Further south, Washington’s $1.6 billion Plan Colombia funds the aerial spraying of coca and opium fields with Roundup, the broad-spectrum herbicide patented by Monsanto. It is the Agent Orange of America’s new Vietnam. (Agent Orange was also a Monsanto product.) Now the US administration plans to spray the jungle with a genetically engineered fungus that produces deadly toxins. It is devastating the rainforest and farmers’ crops, and causing massive displacement and misery for many Colombians. Defence industry giant, United Tech’s subsidiary Sikorsky, has lobbied for its Black Hawk helicopters to be used in Plan Colombia.

Plan Colombia aims to eliminate both left-wing guerrillas and grassroots democratic movements to facilitate the seizure of the country’s most valuable land. The US companies have identified billions of dollars’ worth of oil and mineral deposits. Plan Colombia is being advanced alongside IMF reforms that have wrought devastation to local industry and farming.

Occidental Petroleum will receive some US$98 million in corporate welfare - aid to protect their pipeline. In the US on 24 March there will be a National Colombia mobilisation targeting some of the key corporations which are benefiting from the $1.6 billion Plan Colombia programme. Oxy in LA, Monsanto in St Louis, Sikorsky in Stratford, and Coca-Cola in Atlanta.

Colin Powell told last October’s Asia-Pacific Economic Cooperation (APEC) Summit at Los Cabos that APEC nations needed to tighten security ‘to drive growth and generate prosperity... particularly our security from global terrorism’. A US-driven ‘APEC Leaders’ Statement on Fighting Terrorism and Promoting Growth’ stated: ‘Terrorism is a direct challenge to APEC’s goals for free, open and prosperous economies and an affront to the fundamental values that APEC members share.’ Whose goals and values exactly?

From NAFTA and the Free Trade Area of the Americas (FTAA) to Plan Colombia, from the US military recolonisation of the Philippines to its war against Iraq, the US administration’s primary concern is making the world conform to its economic and political interests. Meanwhile the Bush administration has pushed the adage ‘do as we say and not as we do’ to the limit with its tariffs on imported steel and massive increase in farm subsidies, while demanding that the rest of the world adopt free-market policies and join its crusade against whoever are next deemed to be ‘evil ones’. And its Keynesian approach to the defence industry remains. So much for market forces.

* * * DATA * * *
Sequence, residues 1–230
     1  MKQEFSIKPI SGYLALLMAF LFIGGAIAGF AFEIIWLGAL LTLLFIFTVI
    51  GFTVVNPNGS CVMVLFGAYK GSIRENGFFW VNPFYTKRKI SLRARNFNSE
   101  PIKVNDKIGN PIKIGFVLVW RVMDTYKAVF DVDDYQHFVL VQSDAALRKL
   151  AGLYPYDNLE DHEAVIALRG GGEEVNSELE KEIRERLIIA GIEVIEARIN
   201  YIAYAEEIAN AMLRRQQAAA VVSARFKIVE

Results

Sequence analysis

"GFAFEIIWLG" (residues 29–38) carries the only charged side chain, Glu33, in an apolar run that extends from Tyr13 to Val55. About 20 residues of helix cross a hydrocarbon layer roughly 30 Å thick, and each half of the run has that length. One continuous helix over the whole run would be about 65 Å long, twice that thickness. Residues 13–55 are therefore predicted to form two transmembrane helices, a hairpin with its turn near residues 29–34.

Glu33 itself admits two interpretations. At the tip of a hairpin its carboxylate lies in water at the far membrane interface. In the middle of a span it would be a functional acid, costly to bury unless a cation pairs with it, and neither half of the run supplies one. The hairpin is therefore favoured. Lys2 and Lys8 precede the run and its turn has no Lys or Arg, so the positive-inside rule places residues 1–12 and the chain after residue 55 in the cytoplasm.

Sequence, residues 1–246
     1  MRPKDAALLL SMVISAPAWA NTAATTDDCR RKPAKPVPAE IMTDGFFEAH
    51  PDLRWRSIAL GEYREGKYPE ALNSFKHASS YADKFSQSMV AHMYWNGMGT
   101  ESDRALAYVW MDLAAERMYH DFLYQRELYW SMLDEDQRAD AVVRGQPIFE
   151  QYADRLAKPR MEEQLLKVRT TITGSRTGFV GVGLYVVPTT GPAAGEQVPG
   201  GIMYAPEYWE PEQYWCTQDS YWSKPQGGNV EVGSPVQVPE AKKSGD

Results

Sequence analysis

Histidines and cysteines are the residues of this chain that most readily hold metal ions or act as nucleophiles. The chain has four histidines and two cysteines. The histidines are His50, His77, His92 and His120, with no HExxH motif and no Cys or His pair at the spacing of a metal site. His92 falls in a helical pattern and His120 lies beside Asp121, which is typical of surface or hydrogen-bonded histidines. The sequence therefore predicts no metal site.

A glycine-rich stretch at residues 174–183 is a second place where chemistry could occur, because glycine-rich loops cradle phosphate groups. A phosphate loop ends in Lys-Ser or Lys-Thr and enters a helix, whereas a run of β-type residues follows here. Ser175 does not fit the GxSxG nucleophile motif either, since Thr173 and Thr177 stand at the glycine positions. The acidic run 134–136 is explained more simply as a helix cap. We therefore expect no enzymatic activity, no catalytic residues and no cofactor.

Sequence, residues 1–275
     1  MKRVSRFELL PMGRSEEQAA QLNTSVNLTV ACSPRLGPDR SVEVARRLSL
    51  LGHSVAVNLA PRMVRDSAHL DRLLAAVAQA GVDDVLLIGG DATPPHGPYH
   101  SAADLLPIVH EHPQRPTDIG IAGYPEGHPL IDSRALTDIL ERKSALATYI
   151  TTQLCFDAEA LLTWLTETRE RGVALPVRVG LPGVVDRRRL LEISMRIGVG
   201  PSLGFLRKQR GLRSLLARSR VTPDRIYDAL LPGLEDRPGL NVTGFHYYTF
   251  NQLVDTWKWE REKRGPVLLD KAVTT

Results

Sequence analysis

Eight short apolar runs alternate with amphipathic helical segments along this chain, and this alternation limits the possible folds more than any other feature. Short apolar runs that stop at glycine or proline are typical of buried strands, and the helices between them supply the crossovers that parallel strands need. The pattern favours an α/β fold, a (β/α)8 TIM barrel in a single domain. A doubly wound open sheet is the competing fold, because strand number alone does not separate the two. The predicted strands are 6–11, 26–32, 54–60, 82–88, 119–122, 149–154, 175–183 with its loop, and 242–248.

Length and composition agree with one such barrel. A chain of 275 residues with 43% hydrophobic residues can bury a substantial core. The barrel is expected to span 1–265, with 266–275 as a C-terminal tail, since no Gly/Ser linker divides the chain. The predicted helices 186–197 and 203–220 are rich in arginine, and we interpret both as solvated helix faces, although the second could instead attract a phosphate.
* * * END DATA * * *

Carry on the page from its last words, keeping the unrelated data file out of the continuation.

We need to expose the links between the war and the interests of the biotech and agribusiness giants which are driving such agreements as the Agreement on Agriculture and the TRIPS Agreement, and whose products like Roundup, Agent Orange, etc. are used in a never-ending war against nature, and bloody crusades for corporate capitalism like Plan Colombia.

In many countries, there has been much talk about bringing the anti-globalisation movement together with the peace movement. The pressing issues that they confront are tightly connected. We cannot afford the luxury of single-issue politics. As we take to the streets against this war, we must also unmask and confront the weapons of mass destruction in the neoliberal armoury. As we mobilise against the impacts of corporate globalisation in our communities, we cannot afford to lose sight of the militarisation that is sweeping across the world.

As Michel Chossudovsky wrote recently: ‘One cannot disarm the ‘invisible fist’ of the ‘free market’ without concurrently dismantling the military and intelligence apparatus that supports it. Military bases must be closed down, the war machine - including the production of advanced weapons systems - must be dismantled, implying a dramatic shift into civilian production.’

While we need to understand and expose their true nature, we have to look beyond the agreements in the WTO and focus on the values underpinning them - capitalist greed, imperialism and a colonial mindset. And to struggle for a better world with all our hearts, minds and bodies. - IBON Features                                     

Aziz Choudry is a New Zealand-based researcher and writer. The above is an edited version of his presentation at a Conference on WTO, Globalisation and War held in Quezon City, Philippines on 28 February - 1 March 2003.